From the comprehensive guide to everything you ever needed to know about the decade that created "posing", Shapers of the 80s, a marvellous article first published in 1981:

Who are the New Romantics, what are their sounds, and how do they dance?






The new dances
Four basic styles have emerged since disco went elektro. They owe more to stylish swaying motions than pelvic gyrations. Control is essential: the chin provides a focus; footwork is immaculate. Above all these are personality dances where your own variation wins.

1 ELEKTRO HUSTLE Easiest style, solo or for two. Began with Moroder’s The Chase as development of The Hustle (1976). Lots of posy swaying. Variations include high steps, waxed feet and jelly knees. The Ballet Sway is the live concert variation for a restricted space near the stage, featuring wobbly heads and twitching shoulders. Devoted audiences move as one when syncopating the from-the-waist, sway-and-pause-and…

2 THE ROBOT Self-centred hi-tech technique for the committed non-dancer. Features raised elbows, hand-passes and other frozen extremities. Ideal with Kraftwerk. For obsessive posers and geeks.

3 THE WARREN STREET JIVE For born dancers and style-leaders such as the Blitz Kids of Warren Street. Adapted jive with exaggerated added sway and knees rising to waist level, while partners keep both hands clasped to each other’s. Ideal to Don Armando’s I’m An Indian Too. Variations include reverse kicks, jack-in-box bounces, giant whiplashes. Measured not frantic, yet exhausting to watch.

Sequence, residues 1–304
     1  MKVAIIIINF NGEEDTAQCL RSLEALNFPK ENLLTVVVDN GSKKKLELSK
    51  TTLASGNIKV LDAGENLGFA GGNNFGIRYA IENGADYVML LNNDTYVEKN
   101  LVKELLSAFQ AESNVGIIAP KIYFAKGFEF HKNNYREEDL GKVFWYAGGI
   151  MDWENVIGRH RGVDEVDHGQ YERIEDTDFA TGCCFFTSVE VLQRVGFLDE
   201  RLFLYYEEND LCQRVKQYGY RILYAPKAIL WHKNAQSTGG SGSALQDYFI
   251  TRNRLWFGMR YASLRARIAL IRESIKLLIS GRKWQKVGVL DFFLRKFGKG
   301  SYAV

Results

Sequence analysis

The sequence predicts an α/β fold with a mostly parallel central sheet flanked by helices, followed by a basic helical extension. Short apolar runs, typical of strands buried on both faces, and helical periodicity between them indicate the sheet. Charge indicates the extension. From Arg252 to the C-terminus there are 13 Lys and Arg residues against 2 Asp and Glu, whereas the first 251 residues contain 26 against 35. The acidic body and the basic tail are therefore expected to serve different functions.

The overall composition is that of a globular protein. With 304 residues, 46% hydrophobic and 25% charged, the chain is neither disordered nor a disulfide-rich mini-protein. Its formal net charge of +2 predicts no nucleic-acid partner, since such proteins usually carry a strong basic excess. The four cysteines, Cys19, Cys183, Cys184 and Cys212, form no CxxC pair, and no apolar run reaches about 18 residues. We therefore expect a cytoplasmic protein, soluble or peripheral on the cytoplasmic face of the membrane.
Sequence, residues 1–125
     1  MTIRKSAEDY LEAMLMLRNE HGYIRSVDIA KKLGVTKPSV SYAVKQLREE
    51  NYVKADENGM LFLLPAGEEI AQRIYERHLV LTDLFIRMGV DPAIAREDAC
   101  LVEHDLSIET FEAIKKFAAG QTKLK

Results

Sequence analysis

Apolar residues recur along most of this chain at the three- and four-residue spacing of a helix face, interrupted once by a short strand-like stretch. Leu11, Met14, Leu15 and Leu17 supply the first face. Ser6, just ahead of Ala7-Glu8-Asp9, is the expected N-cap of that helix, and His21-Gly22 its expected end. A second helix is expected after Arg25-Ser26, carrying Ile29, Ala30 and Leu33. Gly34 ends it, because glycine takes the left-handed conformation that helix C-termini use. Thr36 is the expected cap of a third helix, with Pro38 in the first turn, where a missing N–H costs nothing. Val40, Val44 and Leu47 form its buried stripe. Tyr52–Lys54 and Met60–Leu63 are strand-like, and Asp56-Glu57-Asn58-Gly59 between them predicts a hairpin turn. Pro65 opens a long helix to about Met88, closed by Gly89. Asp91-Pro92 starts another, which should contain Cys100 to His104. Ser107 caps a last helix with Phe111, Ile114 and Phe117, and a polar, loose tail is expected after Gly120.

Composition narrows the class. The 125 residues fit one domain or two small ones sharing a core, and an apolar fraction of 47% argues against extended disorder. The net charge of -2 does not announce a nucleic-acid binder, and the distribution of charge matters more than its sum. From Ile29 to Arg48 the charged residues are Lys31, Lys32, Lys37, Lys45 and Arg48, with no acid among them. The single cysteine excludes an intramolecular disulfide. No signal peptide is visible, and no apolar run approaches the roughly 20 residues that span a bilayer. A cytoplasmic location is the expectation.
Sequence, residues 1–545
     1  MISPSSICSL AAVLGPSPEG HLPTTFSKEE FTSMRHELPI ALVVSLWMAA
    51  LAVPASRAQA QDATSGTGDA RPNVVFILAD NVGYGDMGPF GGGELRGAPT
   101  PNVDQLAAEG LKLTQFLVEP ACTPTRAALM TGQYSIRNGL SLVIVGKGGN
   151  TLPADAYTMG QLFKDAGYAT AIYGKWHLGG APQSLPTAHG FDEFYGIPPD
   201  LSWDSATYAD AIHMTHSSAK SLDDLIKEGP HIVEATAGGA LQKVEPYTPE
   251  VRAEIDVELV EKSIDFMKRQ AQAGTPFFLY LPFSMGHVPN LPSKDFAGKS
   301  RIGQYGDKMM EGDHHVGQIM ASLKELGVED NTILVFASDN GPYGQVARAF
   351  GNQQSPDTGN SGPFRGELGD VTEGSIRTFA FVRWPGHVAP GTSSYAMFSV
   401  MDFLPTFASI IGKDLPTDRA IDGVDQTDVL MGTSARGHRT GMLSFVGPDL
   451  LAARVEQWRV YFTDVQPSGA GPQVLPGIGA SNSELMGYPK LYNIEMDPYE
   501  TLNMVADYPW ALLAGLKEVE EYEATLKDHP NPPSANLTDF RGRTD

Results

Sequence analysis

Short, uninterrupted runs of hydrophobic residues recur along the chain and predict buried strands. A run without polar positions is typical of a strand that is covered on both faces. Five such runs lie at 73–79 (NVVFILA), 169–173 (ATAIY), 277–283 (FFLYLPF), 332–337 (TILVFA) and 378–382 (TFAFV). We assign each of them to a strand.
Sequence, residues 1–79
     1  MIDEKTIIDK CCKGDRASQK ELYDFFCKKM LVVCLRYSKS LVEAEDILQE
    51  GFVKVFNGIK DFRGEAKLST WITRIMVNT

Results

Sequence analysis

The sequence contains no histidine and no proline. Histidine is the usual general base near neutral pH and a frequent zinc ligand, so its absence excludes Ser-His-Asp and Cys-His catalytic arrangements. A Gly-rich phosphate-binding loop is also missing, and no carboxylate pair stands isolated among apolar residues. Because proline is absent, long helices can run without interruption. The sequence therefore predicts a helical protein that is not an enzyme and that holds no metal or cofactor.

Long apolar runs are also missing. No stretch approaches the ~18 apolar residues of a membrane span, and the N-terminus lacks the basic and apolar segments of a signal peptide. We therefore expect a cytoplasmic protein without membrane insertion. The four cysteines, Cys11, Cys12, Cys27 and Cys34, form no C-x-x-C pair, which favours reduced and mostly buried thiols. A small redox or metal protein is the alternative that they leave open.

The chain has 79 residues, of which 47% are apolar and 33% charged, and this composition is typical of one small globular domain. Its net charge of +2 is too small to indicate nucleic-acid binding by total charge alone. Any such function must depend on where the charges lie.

4 THE GROUCHO French import that arrived with the Ze label from the Bains Douches club in Paris. Learn with B52s: knee bends on beat, rise and fall, moving knees and shoulders in opposite directions. A cross between Groucho Marx’s famous creep and Cossack leg-kicks while crouching. Exposes dancer to ridicule unless ultra-cool.



The Look
“Style is not what you wear but the way you wear it. Fashion is the way you walk, talk dance and prance,” says Perry Haines, editor of i-D, the movement’s magazine. Hairstyles are a focus, and anything that breaks the rules of fashion: blue lips or an 18-inch rise on trousers. Take a theme – and twist it. And never copy anyone else (even Steve Strange). Strange says: “Within days of my Bonnie Prince Charlie look appearing in NME, I passed myself three times in King’s Road. So I dropped it right away. The idea is to express your own individuality and ‘fancy dress’ is not the answer. Dressing up for me is a way of life; everyone should experiment for themselves.” Since Strange can’t please all sorts, three basic camps have emerged: